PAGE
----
It’s time to rethink special needs education

The UAE's approach to special needs education needs to provide for the entire spectrum of need, writes Ayesha Al Mazroui

Students at the New England Center for Children participate in group singing at the center for autistic children in Mohamed bin Zayed City. (Silvia Razgova / The National)
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A mother of a six-year-old boy with Asperger syndrome expressed her frustration recently over the difficulty she went through to enrol him in school. She said that all the schools she had been to had refused to admit her son and offered no satisfactory explanation. Officials told her that they “cannot accommodate” her child or it’s “against their policy” to take him.

She sought help from several special needs centres, including Dubai Autism Centre and Al Noor Training Centre for Children with Special Needs, where she was told her child has mild autism and that they couldn’t take him because they accommodate only moderate to severe cases. She had her son on Rashid Paediatric Therapy Centre’s waiting list but never heard from them. She finally sought help from a private therapist.

This situation is apparently common among parents with special needs children. Experts say that the system is not solid enough to provide a full spectrum of services for children with special needs even now, nine years after a federal law on the rights of people with special needs was introduced.

The law stipulates that “special needs in themselves are not an obstruction to joining or getting admission into an educational institution, no matter whether it is a public or private institution” as they are entitled to have “access to equal opportunities of education”.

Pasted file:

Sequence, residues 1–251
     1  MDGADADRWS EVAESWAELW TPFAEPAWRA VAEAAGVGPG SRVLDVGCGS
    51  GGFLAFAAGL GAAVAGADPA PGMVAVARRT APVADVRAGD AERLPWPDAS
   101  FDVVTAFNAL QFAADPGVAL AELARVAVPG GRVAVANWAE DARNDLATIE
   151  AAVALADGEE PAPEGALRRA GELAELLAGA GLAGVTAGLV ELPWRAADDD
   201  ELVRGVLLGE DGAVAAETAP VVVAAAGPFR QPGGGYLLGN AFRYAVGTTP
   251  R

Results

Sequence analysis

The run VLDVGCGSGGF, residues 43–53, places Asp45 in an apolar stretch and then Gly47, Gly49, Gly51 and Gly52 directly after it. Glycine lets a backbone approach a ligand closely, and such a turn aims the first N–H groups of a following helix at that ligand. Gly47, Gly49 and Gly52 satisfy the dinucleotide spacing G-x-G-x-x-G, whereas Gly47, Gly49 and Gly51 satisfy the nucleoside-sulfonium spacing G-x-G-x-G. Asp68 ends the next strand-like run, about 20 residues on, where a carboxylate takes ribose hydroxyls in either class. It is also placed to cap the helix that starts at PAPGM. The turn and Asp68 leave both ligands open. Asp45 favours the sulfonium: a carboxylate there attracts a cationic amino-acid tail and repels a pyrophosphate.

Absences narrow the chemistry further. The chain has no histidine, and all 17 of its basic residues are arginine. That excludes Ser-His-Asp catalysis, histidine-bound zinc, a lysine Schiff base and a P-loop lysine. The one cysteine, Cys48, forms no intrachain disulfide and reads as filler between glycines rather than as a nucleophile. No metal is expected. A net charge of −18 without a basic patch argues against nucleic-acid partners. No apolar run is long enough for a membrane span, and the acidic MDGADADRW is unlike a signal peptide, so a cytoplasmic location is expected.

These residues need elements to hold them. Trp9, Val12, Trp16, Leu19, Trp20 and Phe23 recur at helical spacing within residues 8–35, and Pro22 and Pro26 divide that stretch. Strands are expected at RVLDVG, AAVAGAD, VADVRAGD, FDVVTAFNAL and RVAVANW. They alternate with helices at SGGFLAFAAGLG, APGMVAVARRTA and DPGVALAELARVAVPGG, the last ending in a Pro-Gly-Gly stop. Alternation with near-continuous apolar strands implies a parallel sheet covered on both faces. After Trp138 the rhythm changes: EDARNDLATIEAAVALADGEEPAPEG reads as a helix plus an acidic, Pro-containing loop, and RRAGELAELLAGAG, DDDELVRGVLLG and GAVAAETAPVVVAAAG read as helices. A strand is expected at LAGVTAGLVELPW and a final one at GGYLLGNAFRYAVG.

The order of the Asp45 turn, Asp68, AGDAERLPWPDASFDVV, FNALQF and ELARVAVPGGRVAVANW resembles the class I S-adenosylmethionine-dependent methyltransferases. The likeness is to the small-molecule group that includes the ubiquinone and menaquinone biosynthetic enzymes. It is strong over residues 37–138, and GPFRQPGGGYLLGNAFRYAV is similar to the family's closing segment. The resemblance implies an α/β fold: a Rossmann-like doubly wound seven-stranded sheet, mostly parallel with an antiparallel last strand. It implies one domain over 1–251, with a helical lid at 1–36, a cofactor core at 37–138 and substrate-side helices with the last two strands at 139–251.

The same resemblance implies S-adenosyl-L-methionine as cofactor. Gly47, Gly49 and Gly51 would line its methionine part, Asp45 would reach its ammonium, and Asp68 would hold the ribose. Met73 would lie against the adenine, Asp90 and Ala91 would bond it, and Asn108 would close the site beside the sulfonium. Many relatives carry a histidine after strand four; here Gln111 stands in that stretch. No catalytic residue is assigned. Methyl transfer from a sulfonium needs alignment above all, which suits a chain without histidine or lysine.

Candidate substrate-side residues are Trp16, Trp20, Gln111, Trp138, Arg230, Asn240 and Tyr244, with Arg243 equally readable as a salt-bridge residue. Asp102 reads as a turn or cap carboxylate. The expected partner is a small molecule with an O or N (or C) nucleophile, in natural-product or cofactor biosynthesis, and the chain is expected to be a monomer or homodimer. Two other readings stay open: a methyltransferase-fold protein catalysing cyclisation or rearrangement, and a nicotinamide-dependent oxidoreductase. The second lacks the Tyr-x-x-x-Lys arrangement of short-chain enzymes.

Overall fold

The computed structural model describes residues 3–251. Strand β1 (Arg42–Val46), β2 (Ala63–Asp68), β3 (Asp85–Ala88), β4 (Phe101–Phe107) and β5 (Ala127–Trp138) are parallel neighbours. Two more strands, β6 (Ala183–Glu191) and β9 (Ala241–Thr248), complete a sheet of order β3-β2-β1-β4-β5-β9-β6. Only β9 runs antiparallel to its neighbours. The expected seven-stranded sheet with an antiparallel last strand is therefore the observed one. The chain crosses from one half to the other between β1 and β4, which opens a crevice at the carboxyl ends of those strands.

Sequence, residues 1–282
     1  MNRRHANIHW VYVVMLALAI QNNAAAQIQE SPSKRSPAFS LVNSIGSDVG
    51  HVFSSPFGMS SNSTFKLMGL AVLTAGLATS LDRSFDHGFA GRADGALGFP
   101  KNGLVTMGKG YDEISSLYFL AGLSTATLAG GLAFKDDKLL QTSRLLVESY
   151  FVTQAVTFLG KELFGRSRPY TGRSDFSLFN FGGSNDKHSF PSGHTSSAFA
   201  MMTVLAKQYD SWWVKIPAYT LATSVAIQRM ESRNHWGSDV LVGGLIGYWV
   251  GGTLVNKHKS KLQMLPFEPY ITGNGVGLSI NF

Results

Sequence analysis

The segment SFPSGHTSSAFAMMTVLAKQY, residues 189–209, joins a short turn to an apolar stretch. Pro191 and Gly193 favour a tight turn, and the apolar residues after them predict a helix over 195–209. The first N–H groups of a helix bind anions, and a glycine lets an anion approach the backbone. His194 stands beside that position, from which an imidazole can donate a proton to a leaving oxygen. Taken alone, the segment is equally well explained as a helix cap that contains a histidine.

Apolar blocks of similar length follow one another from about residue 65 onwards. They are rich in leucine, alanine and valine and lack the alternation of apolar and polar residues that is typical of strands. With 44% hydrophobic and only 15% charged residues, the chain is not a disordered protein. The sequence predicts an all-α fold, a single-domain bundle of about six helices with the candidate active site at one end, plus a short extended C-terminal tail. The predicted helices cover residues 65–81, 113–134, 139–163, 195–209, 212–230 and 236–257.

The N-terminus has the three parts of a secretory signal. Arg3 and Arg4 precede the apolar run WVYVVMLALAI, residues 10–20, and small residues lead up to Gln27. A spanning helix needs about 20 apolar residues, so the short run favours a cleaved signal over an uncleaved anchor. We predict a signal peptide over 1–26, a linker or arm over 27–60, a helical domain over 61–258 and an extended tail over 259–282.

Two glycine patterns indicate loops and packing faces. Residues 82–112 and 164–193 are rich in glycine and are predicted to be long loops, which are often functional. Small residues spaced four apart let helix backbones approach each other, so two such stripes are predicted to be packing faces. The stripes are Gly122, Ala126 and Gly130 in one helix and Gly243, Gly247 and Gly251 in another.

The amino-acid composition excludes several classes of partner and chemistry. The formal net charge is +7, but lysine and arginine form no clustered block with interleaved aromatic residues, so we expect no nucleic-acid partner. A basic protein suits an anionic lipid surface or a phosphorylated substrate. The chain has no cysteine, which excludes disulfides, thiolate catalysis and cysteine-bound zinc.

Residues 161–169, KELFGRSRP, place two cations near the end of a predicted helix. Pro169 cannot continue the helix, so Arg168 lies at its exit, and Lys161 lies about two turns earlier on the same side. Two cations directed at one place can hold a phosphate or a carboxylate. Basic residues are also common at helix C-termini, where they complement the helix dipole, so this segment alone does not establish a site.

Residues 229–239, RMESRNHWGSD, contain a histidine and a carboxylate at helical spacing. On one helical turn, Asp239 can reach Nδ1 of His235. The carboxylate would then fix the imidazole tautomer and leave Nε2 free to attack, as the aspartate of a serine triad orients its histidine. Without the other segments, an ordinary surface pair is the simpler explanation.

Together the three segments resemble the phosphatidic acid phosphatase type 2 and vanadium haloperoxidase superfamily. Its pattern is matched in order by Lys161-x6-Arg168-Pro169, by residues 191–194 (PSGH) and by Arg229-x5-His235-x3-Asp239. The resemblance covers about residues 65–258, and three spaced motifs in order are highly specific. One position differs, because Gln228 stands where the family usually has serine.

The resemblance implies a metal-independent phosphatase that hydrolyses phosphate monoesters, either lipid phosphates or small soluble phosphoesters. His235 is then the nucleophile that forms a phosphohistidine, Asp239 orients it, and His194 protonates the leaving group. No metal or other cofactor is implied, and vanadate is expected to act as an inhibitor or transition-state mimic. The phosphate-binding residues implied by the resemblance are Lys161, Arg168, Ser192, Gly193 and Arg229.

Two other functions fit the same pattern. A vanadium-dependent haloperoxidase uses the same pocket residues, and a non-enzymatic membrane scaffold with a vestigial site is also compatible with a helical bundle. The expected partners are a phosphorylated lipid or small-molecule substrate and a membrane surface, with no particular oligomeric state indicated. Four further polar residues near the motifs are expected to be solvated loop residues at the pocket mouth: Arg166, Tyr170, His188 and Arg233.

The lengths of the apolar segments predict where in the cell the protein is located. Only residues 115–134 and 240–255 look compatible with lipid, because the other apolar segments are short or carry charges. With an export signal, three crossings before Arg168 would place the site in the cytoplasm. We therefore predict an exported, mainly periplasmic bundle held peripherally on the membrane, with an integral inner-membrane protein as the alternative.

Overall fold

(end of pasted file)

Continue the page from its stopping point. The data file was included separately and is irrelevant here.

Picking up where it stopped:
The Ministry of Education says it has been training teaching staff in specialised courses to facilitate the inclusion of special needs students into regular schools and classrooms. It has also established an assessment team in each education zone to evaluate and follow up on the needs of special education students.

Organisations such as Al Jalila Foundation have organised workshops and training programmes for parents, teachers, principals and social workers from private and public schools in Dubai to educate them about inclusive education practices and equip them with the knowledge and skills needed to understand individual learning needs.

But while some schools have placed a particular focus on the needs of students with special needs, many schools are not doing enough for this group of students. Most schools don’t have enough resources, facilities or proper training to integrate pupils with special needs into their classrooms.

When it comes to private schools, experts say that there is no policy or mechanism to enforce the law. Most schools don’t have committees to assess policy and ensure non-discrimination, physical and economic accessibility, acceptability and adaptability in education.

Furthermore, the education system – both public and private – hasn’t yet enforced a requirement to develop Individualised Educational Plans (IEPs) to meet the needs of each student based on their unique intellectual or physical abilities.

But even before the cases reach schools, the country faces many challenges to support and facilitate the integration of people of special needs into mainstream society.

One challenge is that many of the learning disabilities cases are not diagnosed because parents fail to address the problem or refuse to take their children to a specialist to assess their cases.

The assessment process can also be challenging due to cultural and linguistic barriers, especially with the lack of Arabic-speaking specialists and the outdated assessment methods.

The system also lacks regulation and has no professional licensing system to reach and maintain good standards, and many specialised centres have no accreditation.

Experts also say that there is a big gap between the health and education sectors when it comes to coordination to meet the needs of the students, which in turn affects them when it comes to their health condition or their academic performance.

When it comes to profound cases, the system has not yet explored ways to provide feasible solutions for students with complex health needs, such as online courses, since many of them have to travel abroad for long periods to receive treatment.

All these issues need to be addressed if the country aims to achieve 100 per cent inclusion, a goal set by the leadership. Long is the way towards an environment where students with special needs feel that the world belongs to them, and that opportunities for learning, making friends, working and becoming full members of society are within their reach.